‘Reacher’ Season 2 Episode 1 Recap & Ending Explained: Who Is Trying To Kill The 110th?

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After Tom Cruise’s turn as Jack Reacher, the Amazon web series was greenlit with the intention of doing a more accurate iteration of Lee Child’s iconic character. With the casting of Alan Ritchson, the show hit gold. That said, the first season, which was based on Killing Floor, was a bit of a dud as it only managed to have a few decent action sequences while having the most meandering storytelling I had seen in a long time, especially in an action-oriented show. The second season, which is based on Bad Luck and Trouble, showed promise from the trailer itself, as it featured some solid fight sequences and a plot that seemingly had Reacher and his entire team of special investigators on the back foot. Having watched the first three episodes that have been released today, I can say that Nick Santora and his team have outdone themselves.

Spoiler Alert


Jack Reacher and Frances Neagley meet Franz’s widow.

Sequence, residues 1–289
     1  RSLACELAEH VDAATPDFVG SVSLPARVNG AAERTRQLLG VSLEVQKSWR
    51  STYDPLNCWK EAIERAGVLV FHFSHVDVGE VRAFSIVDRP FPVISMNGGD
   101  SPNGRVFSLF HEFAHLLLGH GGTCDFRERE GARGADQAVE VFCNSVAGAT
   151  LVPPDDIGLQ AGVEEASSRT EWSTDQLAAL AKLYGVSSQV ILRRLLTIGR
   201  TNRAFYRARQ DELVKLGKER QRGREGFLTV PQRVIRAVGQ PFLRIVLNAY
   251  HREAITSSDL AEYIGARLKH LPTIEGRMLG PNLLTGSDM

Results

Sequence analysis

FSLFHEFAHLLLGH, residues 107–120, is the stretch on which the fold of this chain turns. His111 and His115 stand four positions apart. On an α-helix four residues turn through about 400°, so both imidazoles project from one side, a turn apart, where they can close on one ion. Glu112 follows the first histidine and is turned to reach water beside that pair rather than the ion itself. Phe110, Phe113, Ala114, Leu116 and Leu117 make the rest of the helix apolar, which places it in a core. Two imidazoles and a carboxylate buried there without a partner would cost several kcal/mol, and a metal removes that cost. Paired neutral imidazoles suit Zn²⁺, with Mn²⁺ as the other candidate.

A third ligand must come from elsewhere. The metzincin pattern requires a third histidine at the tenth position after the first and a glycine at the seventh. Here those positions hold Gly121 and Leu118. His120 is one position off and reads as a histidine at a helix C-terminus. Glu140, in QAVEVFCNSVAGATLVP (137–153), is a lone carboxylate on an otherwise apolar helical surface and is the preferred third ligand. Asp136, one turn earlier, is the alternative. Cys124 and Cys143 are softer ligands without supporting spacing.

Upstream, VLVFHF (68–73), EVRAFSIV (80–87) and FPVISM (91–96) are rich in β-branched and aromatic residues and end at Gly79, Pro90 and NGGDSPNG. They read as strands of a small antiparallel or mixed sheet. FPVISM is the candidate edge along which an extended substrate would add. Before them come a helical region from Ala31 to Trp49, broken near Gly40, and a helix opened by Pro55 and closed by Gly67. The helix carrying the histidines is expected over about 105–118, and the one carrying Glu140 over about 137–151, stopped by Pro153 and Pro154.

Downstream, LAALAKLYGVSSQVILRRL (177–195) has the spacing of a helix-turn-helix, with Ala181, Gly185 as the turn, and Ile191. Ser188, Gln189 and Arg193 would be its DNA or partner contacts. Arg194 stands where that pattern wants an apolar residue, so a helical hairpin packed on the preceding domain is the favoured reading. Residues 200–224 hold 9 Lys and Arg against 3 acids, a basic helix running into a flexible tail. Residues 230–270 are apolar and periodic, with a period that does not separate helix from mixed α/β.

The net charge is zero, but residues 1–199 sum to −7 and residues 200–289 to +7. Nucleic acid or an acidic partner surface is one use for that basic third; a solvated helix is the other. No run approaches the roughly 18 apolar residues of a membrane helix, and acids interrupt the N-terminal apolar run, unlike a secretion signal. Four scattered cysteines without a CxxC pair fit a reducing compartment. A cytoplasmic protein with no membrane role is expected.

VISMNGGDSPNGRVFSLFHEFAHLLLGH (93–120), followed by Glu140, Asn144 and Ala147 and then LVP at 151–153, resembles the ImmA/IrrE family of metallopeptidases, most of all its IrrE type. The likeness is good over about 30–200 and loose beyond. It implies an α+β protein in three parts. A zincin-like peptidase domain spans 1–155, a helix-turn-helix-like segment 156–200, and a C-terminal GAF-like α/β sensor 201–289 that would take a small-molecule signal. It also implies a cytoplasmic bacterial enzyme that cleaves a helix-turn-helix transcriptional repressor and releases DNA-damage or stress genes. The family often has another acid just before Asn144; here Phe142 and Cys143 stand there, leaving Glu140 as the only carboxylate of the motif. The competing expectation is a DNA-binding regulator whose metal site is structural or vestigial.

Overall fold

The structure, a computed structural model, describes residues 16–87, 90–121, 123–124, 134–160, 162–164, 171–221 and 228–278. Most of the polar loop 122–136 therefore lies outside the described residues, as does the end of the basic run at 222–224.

The first episode of Reacher Season 2 opens with a guy being dropped in the Catskill Mountains from a helicopter. Yes, he is dead. Then, the episode cuts to the titular character, who is still living his life on the road, getting clothes from thrift shops, and eating at local diners. His reintroduction is pretty cool, as he saves a woman and her son from a carjacker. Everything, from Ritchson’s performance to the suddenness of the action scene and the funny interaction with the cashier at the thrift shop, is perfect. I love how Reacher is given the option to not pay for all the stuff he is taking from the thrift store because the cashier is a disgruntled employee, and he decides to buy his stuff because that’s how honest he is. That said, taking out money from the ATM to pay the cashier is how he learns that his buddy from the past, Frances Neagley, is calling him, and she has bad news: their colleague, Calvin Franz, is dead, i.e., the guy who was dropped from a helicopter. The narrative goes back into the past and shows Reacher assembling a team of special investigators, which includes Calvin Franz, Frances Neagley, Karla Dixon, David O’Donnell, Jorge Sanchez, Orozco, Swan, and Stanley Lowrey. It’s evident that they didn’t exactly gel together, but Reacher had hand-picked them for their special skills because he knew that they’d be the best people to unearth any fraudulent activities happening in and around the army.